Financial fragility is to blame for Jackson’s water crisis
Note: This article first appeared on Strong Towns. Public Square editor Robert Steuteville is on leave through the last week of October.
I’ve spent some time trying to understand what has happened with the water system in Jackson, Mississippi. For locals who have lived through the long unfolding drama, any single explanation is going to fall short, and it should. Before starting, I want to pause and recognize the hardship residents of Jackson have experienced, not just in this recent crisis but for many years. They deserve better.
In any situation like this, there are proximate causes and then underlying causes. The former seem fairly straightforward and are typical of the kind of failures experienced when systems are stretched too thin. A flood inundated one water treatment facility, rendering it inoperable. Sediment and debris carried by the flood made the city’s reservoir a muddy mess.
A second treatment facility, operating alone, may have been able to keep up with demand in normal conditions, but not in a flood situation where that muddy water requires lots of extra treatment. It seems that the pumps at the secondary facility have burned out or otherwise failed, causing the water distribution system to lose pressure—a situation that could be remedied but only at great cost in terms of time and money. Jackson doesn’t have either.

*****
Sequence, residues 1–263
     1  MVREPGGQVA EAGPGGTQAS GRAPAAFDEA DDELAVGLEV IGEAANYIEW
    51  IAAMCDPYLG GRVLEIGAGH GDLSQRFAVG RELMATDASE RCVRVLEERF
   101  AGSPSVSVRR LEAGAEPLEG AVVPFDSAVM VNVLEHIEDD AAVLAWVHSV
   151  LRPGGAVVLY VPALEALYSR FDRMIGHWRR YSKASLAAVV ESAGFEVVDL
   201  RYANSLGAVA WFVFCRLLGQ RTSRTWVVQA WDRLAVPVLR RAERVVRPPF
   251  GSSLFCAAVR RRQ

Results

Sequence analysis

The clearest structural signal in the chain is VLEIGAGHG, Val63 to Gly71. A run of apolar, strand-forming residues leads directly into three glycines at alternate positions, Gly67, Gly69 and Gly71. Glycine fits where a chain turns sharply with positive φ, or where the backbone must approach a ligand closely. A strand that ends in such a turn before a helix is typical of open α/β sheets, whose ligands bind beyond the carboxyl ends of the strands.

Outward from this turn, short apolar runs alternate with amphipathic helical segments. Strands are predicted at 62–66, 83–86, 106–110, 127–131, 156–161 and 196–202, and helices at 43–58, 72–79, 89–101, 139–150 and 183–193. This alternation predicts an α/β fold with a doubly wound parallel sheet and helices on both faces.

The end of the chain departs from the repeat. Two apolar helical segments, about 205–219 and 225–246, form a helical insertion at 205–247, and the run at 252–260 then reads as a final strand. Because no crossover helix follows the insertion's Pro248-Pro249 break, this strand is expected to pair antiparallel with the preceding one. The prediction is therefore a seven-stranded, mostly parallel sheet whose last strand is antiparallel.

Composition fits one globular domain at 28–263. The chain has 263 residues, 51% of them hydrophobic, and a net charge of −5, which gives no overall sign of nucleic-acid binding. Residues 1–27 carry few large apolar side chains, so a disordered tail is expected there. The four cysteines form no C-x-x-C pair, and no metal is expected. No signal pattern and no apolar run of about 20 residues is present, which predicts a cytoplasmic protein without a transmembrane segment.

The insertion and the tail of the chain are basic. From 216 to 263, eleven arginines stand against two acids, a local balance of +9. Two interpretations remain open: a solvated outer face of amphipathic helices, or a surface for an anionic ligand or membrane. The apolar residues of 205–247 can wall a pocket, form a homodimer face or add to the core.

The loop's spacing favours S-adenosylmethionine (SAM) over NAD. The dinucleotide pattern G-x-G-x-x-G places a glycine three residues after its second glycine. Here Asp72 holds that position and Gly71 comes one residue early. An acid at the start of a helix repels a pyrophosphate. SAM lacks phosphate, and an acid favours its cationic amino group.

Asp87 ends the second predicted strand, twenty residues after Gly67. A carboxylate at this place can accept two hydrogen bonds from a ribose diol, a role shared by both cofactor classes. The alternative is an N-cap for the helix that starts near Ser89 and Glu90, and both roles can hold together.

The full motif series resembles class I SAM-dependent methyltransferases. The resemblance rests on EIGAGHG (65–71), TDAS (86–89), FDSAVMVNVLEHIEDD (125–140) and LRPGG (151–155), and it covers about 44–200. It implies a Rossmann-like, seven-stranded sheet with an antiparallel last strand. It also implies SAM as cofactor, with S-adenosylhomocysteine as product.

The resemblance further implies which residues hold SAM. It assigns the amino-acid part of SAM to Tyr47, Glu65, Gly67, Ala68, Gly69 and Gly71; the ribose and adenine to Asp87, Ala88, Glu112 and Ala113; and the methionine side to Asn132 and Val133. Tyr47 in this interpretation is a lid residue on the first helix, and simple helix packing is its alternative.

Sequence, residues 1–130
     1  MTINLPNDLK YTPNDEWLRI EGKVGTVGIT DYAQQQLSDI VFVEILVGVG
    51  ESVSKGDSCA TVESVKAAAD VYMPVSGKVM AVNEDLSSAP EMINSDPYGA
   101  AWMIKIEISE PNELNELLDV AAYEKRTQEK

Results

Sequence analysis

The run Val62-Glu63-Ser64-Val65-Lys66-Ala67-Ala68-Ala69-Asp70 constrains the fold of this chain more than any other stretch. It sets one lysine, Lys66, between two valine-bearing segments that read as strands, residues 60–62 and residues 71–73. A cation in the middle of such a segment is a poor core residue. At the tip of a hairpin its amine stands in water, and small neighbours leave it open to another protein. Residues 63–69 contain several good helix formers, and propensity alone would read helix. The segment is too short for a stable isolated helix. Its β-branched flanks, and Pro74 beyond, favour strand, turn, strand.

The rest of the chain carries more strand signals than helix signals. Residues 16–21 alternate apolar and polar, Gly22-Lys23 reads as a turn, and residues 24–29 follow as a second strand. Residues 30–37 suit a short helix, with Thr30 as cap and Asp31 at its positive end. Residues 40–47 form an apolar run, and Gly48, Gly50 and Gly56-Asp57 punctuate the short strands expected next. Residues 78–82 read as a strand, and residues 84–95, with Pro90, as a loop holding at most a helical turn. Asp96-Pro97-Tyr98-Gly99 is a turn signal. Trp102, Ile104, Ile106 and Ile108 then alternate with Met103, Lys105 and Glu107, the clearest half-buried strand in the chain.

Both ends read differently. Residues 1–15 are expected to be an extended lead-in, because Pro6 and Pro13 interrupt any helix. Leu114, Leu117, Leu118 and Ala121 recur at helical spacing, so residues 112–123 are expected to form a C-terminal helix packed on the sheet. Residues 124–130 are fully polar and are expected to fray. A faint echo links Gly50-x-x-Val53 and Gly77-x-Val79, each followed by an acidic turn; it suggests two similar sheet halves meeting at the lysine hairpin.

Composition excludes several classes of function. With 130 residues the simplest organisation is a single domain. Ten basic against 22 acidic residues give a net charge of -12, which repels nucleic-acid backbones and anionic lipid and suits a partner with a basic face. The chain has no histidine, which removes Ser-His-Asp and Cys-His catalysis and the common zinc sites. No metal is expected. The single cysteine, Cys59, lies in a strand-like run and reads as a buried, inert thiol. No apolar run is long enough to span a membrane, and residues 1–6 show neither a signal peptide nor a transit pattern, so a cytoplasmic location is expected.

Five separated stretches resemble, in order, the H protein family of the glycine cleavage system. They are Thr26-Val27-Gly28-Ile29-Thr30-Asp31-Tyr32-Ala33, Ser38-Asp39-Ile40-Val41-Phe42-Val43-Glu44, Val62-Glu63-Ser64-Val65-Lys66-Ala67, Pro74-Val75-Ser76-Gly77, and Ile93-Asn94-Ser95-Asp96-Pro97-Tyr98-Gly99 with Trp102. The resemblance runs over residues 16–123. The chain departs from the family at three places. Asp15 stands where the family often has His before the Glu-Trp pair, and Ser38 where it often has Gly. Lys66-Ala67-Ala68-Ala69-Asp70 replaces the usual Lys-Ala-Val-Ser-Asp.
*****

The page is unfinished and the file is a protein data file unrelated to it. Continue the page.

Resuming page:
There are many people who insist that Strong Towns has overstated the degree of municipal insolvency in American cities, and that, if we were right, there should be a wave of municipal defaults and bankruptcies. I’ve never claimed that would happen. Jackson’s failing water system is what default looks like. The city can’t provide the drinking water people depend on, yet S&P has given them an investment grade bond rating of A+ and last December, Moody’s gave Jackson’s water enterprise fund a rating of Ba2, just slightly below investment grade.
The bond traders will get their money. They always do. The outstanding question for America’s cities continues to be: What do your residents get in return? In Jackson, it has been decades of safety violations, unreliable service, and rising utility rates. And lots of debt. The financial system—like nearly everyone else—has preyed on Jackson, making the city more and more fragile each year that passes.
This has not kept the current political zeitgeist from also trying to cash in on Jackson’s hardship. There are three underlying causes being put forth to explain what has happened in Jackson and, simultaneously, motivate voters outside of Jackson to support one national political approach over another. All three are a distraction, at best.
The first is climate change, the notion that extreme weather events are going to be more frequent due to the impacts of anthropogenic climate change and this will cause infrastructure failure. An article in Bloombergmakes the case that “extreme weather” was a factor for Jackson, that the city’s water system failure is “a stark warning of trouble to come as climate change piles new stress onto the essential services Americans rely on every day.”